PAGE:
Once the word line 80 is defined, the opening 78 therebetween (FIG. 6I) can be filled with an insulator (step 120). One insulator can be made of oxide and can be produced by depositing oxide on the array. Another shown in FIG. 6L can be an ONO dielectric, produced by first depositing as much as 6 nm of oxide liner 82 and then depositing 13 nm of nitride liner 84 in the remaining openings. can do. The ONO filler can have a lower defect density than the oxide. Furthermore, if there is a defect in the oxide portion of the ONO filler, the nitride can serve to significantly reduce leakage current between neighboring word lines.

Finally, word line patterning can end with a polishing step (step 122), such as a CMP step that can remove the surface layer of liners 84 and 82 and cap 76. This can also remove a portion of the polysilicon word line 80. For example, the thickness of the word line 80 of this embodiment can be reduced to 80 nm. Or, in a metallization cap, the oxide or ONO may remain on top of the metal. The result of the oxide cap shown in FIG. 6M can be a set of word lines 80 of sub-F width W sl separated by sub-F spacing D sl . Note that the sub-F spacing D sl can be less than half of the feature size F and the width W sl can be greater than half of the feature size F.

  It should be understood that even and odd word lines may not be generated in the same step, so they can be slightly different in width.

  Once the word line is generated, manufacturing can continue with methods known in the art.

It should be understood that the ratios described above are merely exemplary. Any suitable sub-F word line width W sl and sub-F insulator width D sl between the word lines can be generated from any original mask element. For example, in 63 nm technology, the following word line and insulator widths represent some of the elements that can be generated from the elements defined by the mask (described as a width / space ratio).


Lithography (W / D)
(Nm / nm)
Word line width W sl
(Nm)
Insulator spacing D sl (nm)
Word line pitch

75/75
50
25
1.2F

75/75
40
35
1.2F

100/100
63
37
1.65F

63/63
40
23
1F

  It should be further understood that the sub-F element is generated from a mask element having a minimum feature size F or larger. In addition, all sub-F elements are self-aligned and each element is generated from existing elements without lithography and can therefore be scaled by smaller lithography.

  It should be understood that the method of the present invention can be used to generate feature size word lines (with feature size F) with sub-F spacing. This can be done by starting with an appropriate starting pitch.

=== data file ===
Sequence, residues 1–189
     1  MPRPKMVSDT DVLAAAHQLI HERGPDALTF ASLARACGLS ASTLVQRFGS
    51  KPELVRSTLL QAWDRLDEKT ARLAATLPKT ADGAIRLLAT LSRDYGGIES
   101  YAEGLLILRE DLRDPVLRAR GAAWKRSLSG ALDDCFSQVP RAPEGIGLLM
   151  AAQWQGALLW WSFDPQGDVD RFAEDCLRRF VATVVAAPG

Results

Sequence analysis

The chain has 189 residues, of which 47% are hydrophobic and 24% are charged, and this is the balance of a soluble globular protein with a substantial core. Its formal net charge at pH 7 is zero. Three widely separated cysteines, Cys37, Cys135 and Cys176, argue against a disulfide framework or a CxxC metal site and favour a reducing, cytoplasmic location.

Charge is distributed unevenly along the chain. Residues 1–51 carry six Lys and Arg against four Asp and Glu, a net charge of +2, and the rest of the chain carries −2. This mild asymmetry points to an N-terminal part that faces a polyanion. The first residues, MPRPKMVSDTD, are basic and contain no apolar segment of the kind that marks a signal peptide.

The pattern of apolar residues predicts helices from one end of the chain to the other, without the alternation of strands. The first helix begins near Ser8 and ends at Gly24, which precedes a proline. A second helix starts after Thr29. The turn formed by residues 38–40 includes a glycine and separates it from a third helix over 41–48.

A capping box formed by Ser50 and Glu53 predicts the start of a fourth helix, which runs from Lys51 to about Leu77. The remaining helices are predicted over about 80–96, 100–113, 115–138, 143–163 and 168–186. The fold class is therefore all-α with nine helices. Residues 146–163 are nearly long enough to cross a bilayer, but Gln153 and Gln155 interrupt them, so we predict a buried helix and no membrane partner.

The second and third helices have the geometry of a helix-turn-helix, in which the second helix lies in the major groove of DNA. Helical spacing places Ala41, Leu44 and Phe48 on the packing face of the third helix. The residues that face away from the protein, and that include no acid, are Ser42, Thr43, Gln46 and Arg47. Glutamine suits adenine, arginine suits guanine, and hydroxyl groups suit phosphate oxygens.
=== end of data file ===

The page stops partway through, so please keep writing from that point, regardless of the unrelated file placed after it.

Referring now to FIG. 7, an exemplary method for pre-word line patterning (step 100 of FIG. 4A) is shown. Referring also to FIGS. 8A, 8B, and 8C, the results of the various steps of FIG. 7 are shown.

  After preparing the substrate 42 (FIG. 8A), the ONO layer 33 is placed over the entire wafer (step 200), and in an exemplary embodiment, the lower oxide layer may be 2-5 nm thick. The nitride layer can be 5 nm thick and the gate oxide layer can be 12-14 nm thick.

  In step 204, the first polysilicon layer 31 is disposed on the entire chip. A nitride hard mask 36 can then be deposited in a column pattern that covers areas of the memory array that are not for bit lines (step 206). FIG. 8A shows the result of step 206. Two rows of nitride hard mask 36 are shown on top of polysilicon layer 31 overlying ONO layer 33.

  Etching can be performed to create bit line openings 37 by removing areas of the polysilicon layer and oxide and nitride layers between columns of nitride hard mask layer 36 (step 208). FIG. 8B shows the result of the etching process. Two rows 54 of first polysilicon and nitride hardmask 36 are shown at the top of the row of ONO layers 33 (denoted here 55). The bottom oxide (labeled 39) is shown in the bit line opening 37.

A pocket implant 51 (FIG. 8B), such as boron (BF 2 ), can be implanted next to or below the polysilicon row 54 (step 210). An exemplary pocket implant may be 1-3 × 10 13 / cm 2 at an angle of 0-15 °, where the angle is covered by the width of the bit line opening 37 and the nitride hard mask 36. This may be limited by the height of the broken polysilicon row 54. A portion of the pocket implant 51 can be scattered and diffused under the polysilicon row 54. In other embodiments, the pocket implant can be boron or indium.

  At step 211, the nitride hard mask 36 can be removed.

  At step 212, spacers 41 can be created on both sides of the polysilicon row 54. For example, the spacer 41 can be produced by depositing an oxide liner on the order of 12 nm and anisotropic etching to produce the spacer shape. Alternatively, the liner can be left so as not to form a spacer.